Search results for 'Criminal liability' (try it on Scholar)

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  1. Mireille Hildebrandt (2008). Ambient Intelligence, Criminal Liability and Democracy. Criminal Law and Philosophy 2 (2):163-180.score: 246.0
    In this contribution we will explore some of the implications of the vision of Ambient Intelligence (AmI) for law and legal philosophy. AmI creates an environment that monitors and anticipates human behaviour with the aim of customised adaptation of the environment to a person’s inferred preferences. Such an environment depends on distributed human and non-human intelligence that raises a host of unsettling questions around causality, subjectivity, agency and (criminal) liability. After discussing the vision of AmI we will present (...)
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  2. Matt Matravers (2006). ‘Who’s Still Standing?’ a Comment on Antony Duff’s Preconditions of Criminal Liability. Journal of Moral Philosophy 3 (3):320-330.score: 240.0
    Antony Duff has argued that an important precondition of criminal liability is that the state has the moral standing to call the offender to account. Conditions of severe social injustice, if allowed or perpetuated by the state, can undermine this standing. Duff’s argument appeals to the ordinary idea that a person’s own behaviour can sometimes negate his standing to call others to account. It is argued that this is an important issue, but that the analogy with individual standing (...)
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  3. Romualdas Drakšas (2010). Origin of the Criminal Liability of Legal Entities (text only in Lithuanian). Jurisprudence 122 (4):189-201.score: 240.0
    Criminal liability of legal entities was legitimized in the Republic of Lithuania eight years ago, and in the ruling of the Constitutional Court of 8 June 2009, a conclusive confirmation on its accordance with the Constitution was made. It should be noted that the extension of the concept of criminal offense subject has received considerable attention of Lithuanian scientists. It was obvious that this penal law novel would cause many problems and, surely, it has become a reason (...)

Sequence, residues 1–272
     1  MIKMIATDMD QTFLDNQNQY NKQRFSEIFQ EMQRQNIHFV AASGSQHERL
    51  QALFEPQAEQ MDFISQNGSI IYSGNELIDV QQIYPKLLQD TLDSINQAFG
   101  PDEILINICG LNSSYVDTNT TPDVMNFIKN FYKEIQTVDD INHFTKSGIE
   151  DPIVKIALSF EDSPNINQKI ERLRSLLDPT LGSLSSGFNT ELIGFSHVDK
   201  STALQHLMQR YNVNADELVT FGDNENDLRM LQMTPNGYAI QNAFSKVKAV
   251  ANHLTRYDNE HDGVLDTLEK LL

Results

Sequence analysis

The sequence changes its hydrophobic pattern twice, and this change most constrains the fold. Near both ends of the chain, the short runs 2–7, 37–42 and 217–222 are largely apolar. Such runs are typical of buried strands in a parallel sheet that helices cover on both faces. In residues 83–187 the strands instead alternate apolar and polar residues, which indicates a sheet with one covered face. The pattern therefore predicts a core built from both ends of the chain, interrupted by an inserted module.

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  4. Edita Gruodytė (2012). Peculiarities and Problems of Criminal Liability for Work of Third Country Nationals While Implementing Directive 2009/52/EC. [REVIEW] Jurisprudence 19 (4):1603-1618.score: 240.0
    While implementing Directive 2009/52/EC of the European Parliament and of the Council of 18 June 2009 providing for minimum standards on sanctions and measures against employers of illegally staying third country nationals (hereinafter referred to as ‘Directive’), Lithuania supplemented the Lithuanian Criminal Code with an additional Article 292-1, entitled “Labour of illegally staying third country nationals in the Republic of Lithuania”, which came into force on 6 January 2012. The author of this article aims to find out whether the (...)
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  5. Romualdas Drakšas (2011). Is It Reasonable to Limit the Group of Legal Entities That Can Be Considered as Subjects of Criminal Liability? Jurisprudence 18 (4):1501-1517.score: 240.0
    Criminal liability of legal entities was legitimised in the Republic of Lithuania nine years ago, and in the ruling of the Constitutional Court of 8 June 2009, a conclusive confirmation on its accordance with the Constitution was made. It should be noted that this penal law novelty (providing the extension of the concept of criminal offence subject) caused considerable debate among Lithuanian scientists. One of the most controversial issues of this penal law novelty are the exceptions listed (...)
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  6. Olena Grebeniuk (2013). Main Challenges and Prospects of Improving Ukrainian Legislation on Criminal Liability for Crimes Related to Drug Testing in the Context of European Integration. Jurisprudence 20 (3):1249-1270.score: 240.0